Best of the Week
Most Popular
1. Investing in a Bubble Mania Stock Market Trending Towards Financial Crisis 2.0 CRASH! - 9th Sep 21
2.Tech Stocks Bubble Valuations 2000 vs 2021 - 25th Sep 21
3.Stock Market FOMO Going into Crash Season - 8th Oct 21
4.Stock Market FOMO Hits September Brick Wall - Evergrande China's Lehman's Moment - 22nd Sep 21
5.Crypto Bubble BURSTS! BTC, ETH, XRP CRASH! NiceHash Seizes Funds on Account Halting ALL Withdrawals! - 19th May 21
6.How to Protect Your Self From a Stock Market CRASH / Bear Market? - 14th Oct 21
7.AI Stocks Portfolio Buying and Selling Levels Going Into Market Correction - 11th Oct 21
8.Why Silver Price Could Crash by 20%! - 5th Oct 21
9.Powell: Inflation Might Not Be Transitory, After All - 3rd Oct 21
10.Global Stock Markets Topped 60 Days Before the US Stocks Peaked - 23rd Sep 21
Last 7 days
Dow Stock Market Trend Forecast Into Mid 2022 - 4th Dec 21
INVESTING LESSON - Give your Portfolio Some Breathing Space - 4th Dec 21
Don’t Get Yourself Into a Bull Trap With Gold - 4th Dec 21
GOLD HAS LOTS OF POTENTIAL DOWNSIDE - 4th Dec 21
4 Tips To Help You Take Better Care Of Your Personal Finances- 4th Dec 21
What Is A Golden Cross Pattern In Trading? - 4th Dec 21
Bitcoin Price TRIGGER for Accumulating Into Alt Coins for 2022 Price Explosion - Part 2 - 3rd Dec 21
Stock Market Major Turning Point Taking Place - 3rd Dec 21
The Masters of the Universe and Gold - 3rd Dec 21
This simple Stock Market mindset shift could help you make millions - 3rd Dec 21
Will the Glasgow Summit (COP26) Affect Energy Prices? - 3rd Dec 21
Peloton 35% CRASH a Lesson of What Happens When One Over Pays for a Loss Making Growth Stock - 1st Dec 21
Stock Market Sentiment Speaks: I Fear For Retirees For The Next 20 Years - 1st Dec 21 t
Will the Anointed Finanical Experts Get It Wrong Again? - 1st Dec 21
Main Differences Between the UK and Canadian Gaming Markets - 1st Dec 21
Bitcoin Price TRIGGER for Accumulating Into Alt Coins for 2022 Price Explosion - 30th Nov 21
Omicron Covid Wave 4 Impact on Financial Markets - 30th Nov 21
Can You Hear It? That’s the Crowd Booing Gold’s Downturn - 30th Nov 21
Economic and Market Impacts of Omicron Strain Covid 4th Wave - 30th Nov 21
Stock Market Historical Trends Suggest A Strengthening Bullish Trend In December - 30th Nov 21
Crypto Market Analysis: What Trading Will Look Like in 2022 for Novice and Veteran Traders? - 30th Nov 21
Best Stocks for Investing to Profit form the Metaverse and Get Rich - 29th Nov 21
Should You Invest In Real Estate In 2021? - 29th Nov 21
Silver Long-term Trend Analysis - 28th Nov 21
Silver Mining Stocks Fundamentals - 28th Nov 21
Crude Oil Didn’t Like Thanksgiving Turkey This Year - 28th Nov 21
Sheffield First Snow Winter 2021 - Snowballs and Snowmen Fun - 28th Nov 21
Stock Market Investing LESSON - Buying Value - 27th Nov 21
Corsair MP600 NVME M.2 SSD 66% Performance Loss After 6 Months of Use - Benchmark Tests - 27th Nov 21

Market Oracle FREE Newsletter

How to Protect your Wealth by Investing in AI Tech Stocks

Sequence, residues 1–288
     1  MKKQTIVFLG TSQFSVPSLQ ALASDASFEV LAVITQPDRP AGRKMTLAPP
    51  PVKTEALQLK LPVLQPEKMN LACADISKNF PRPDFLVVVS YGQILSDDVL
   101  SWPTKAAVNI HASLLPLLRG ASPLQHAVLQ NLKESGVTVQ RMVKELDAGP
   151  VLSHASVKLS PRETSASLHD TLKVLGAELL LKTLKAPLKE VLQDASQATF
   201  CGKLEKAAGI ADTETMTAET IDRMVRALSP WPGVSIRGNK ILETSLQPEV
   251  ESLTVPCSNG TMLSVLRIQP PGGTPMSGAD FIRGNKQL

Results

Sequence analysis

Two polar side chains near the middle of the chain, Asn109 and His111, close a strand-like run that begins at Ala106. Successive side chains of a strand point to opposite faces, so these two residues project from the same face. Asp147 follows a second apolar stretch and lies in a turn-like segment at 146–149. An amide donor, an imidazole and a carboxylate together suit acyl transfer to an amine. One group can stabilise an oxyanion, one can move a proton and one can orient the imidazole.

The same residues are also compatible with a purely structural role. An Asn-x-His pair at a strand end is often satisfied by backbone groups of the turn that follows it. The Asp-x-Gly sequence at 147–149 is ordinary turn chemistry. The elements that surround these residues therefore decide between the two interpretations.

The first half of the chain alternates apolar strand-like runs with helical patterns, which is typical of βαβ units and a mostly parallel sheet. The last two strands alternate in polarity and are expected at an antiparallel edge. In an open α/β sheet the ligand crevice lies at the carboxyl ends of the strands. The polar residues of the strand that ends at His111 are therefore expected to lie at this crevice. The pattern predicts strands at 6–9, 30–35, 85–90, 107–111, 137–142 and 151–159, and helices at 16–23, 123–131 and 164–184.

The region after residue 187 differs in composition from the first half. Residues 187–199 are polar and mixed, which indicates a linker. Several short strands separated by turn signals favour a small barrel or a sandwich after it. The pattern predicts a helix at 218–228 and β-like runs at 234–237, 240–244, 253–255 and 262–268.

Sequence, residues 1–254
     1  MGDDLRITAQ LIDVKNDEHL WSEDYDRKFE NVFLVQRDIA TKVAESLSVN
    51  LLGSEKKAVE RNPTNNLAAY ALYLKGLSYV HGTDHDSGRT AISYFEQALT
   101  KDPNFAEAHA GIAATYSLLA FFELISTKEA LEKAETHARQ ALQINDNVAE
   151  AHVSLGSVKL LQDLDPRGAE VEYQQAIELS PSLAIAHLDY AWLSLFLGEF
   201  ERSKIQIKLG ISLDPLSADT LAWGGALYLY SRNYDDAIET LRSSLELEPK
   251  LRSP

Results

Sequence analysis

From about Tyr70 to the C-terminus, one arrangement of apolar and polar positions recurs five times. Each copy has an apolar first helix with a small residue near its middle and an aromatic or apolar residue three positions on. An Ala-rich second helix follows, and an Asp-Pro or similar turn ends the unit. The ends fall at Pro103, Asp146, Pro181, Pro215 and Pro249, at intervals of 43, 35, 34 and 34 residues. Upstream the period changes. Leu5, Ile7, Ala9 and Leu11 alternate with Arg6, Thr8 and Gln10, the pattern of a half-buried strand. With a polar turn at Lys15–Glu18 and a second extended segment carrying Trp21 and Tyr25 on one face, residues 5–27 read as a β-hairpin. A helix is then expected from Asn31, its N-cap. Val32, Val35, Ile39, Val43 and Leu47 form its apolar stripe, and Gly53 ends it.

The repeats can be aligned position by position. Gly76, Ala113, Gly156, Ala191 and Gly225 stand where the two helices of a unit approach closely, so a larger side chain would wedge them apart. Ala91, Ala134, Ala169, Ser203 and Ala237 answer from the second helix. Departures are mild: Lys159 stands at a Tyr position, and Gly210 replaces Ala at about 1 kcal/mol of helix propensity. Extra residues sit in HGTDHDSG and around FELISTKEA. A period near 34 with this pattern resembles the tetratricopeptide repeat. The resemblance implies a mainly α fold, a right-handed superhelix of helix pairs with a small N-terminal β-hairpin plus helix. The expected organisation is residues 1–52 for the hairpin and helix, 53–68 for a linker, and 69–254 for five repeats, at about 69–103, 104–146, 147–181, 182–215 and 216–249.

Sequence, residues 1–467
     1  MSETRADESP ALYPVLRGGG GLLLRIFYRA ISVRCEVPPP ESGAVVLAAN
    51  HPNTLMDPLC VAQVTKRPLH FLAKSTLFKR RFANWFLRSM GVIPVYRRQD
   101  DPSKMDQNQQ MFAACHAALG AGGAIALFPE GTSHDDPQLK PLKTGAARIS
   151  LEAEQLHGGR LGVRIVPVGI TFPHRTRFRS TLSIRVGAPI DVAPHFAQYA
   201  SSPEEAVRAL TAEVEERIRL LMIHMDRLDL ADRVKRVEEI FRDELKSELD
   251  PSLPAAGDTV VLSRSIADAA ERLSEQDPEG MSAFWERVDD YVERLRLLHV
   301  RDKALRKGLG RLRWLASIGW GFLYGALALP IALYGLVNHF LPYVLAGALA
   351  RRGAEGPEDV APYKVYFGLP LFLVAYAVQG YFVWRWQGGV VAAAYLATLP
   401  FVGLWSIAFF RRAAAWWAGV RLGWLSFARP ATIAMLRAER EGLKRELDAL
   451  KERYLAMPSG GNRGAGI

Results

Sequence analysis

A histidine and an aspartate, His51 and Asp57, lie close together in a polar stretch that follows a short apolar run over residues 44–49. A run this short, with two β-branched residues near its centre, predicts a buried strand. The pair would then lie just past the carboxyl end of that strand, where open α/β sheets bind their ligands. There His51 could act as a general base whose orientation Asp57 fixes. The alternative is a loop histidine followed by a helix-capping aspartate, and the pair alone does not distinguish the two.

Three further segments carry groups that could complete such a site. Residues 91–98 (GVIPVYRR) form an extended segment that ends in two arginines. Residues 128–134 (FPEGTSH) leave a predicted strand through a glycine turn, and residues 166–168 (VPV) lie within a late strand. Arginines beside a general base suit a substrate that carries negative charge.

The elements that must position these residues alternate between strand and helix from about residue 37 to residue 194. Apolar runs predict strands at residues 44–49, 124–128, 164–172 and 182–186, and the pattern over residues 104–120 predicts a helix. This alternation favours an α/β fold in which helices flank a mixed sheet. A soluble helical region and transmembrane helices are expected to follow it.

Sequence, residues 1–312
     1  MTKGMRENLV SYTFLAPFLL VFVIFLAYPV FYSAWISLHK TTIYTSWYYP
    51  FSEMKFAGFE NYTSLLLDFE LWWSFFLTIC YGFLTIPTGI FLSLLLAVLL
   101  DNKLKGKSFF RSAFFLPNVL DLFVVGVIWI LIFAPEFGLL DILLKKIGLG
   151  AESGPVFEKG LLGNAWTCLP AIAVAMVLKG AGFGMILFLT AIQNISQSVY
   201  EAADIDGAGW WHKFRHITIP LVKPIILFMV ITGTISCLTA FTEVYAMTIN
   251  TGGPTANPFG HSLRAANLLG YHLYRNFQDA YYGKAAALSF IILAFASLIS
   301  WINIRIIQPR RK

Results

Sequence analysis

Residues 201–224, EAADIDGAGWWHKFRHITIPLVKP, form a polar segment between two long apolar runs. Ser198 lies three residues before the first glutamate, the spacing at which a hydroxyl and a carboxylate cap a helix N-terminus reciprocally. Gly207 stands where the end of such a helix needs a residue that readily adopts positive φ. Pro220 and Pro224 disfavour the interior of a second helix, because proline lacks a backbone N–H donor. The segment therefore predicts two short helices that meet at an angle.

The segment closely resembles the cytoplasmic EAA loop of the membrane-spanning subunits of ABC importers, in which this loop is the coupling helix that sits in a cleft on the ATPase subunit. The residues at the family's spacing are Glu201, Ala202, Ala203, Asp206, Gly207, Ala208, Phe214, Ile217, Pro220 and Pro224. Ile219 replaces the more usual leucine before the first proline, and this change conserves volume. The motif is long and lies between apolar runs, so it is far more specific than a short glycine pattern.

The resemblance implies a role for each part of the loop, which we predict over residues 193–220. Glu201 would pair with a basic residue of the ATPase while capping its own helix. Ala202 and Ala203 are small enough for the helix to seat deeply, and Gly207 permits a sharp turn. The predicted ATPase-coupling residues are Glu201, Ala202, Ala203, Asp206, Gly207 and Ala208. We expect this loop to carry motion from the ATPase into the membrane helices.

Goldman Sachs' "Warehouse Shuffle" Just Cost You $5 Billion

Commodities / Market Manipulation Jul 25, 2013 - 02:27 PM GMT

By: Money_Morning

Commodities

David Zeiler writes: It's just another game for Goldman Sachs Group (NYSE: GS) - a "warehouse shuffle" that moves aluminum around while the big bank collects rent on the metal.

Although the rent on the stored aluminum - Goldman isn't allowed to actually own the commodity - is just pennies a day, the vast amount of the metal it has stored in its 27 Detroit warehouses and the "warehouse shuffle" strategy that enables it to extend the rental period for months on end adds up.


Through the Metro International Trade Services subsidiary it bought in 2010, Goldman has accumulated 1.4 million tons of aluminum, which it stores at about 48 cents per ton per day. That's about $672,000 per day of revenue - nearly half a billion a year.

Experts say the warehouse shuffle game ultimately raises the price of aluminum to manufacturers - everything from beer and soda companies to automakers. That extra cost, about $5 billion over the past three years, is passed on to consumers - you and me.

"What Goldman is doing is a new twist on an old game, it's called daisy-chaining," said Money Morning Capital Wave Strategist Shah Gilani, who wrote on this topic himself on his Wall Street Insights and Indictments web site. "The story here is that Goldman is allowed, by the Fed and the SEC and Congress, to own these warehouses in order to get around rules governing storing metals to prevent price manipulation to manipulate the price of aluminum higher, which costs us all more."

And Gilani isn’t happy about it.

“Talk about redistribution policies, this is the same old game with a newer twist: Take from the middle class and give to the biggest, richest banks so they can pay their legal bills and settlement fines to keep the coffers of politicians full. It's sickening,” he said.

Anyone who watches the Big Banks of Wall Street will not be surprised to learn that Goldman isn't the only bank playing the game, and aluminum isn't the only commodity they play with...

How the Goldman Sachs Warehouse Shuffle Works

Although the banks can't own the commodities themselves, they can store commodities for others and charge rent.

That's why Goldman bought Metro International in 2010. That same year Swiss-based Glencore International bought Italy's Pacorini for the same reason. Glencore does the same warehouse shuffle at its facilities in the Netherlands.

Metro immediately started stockpiling aluminum, with its stores rising from 50,000 tons in 2008 to 850,000 in 2010 to 1.5 million now.

The entities that own the aluminum, like the beer and soda companies, pay companies like Metro to store their aluminum until they need it.

Before Goldman bought Metro, it only took about six months to get aluminum out of a Metro warehouse; since 2010 the wait has stretched to 16 months or more, with Goldman collecting rent all the while.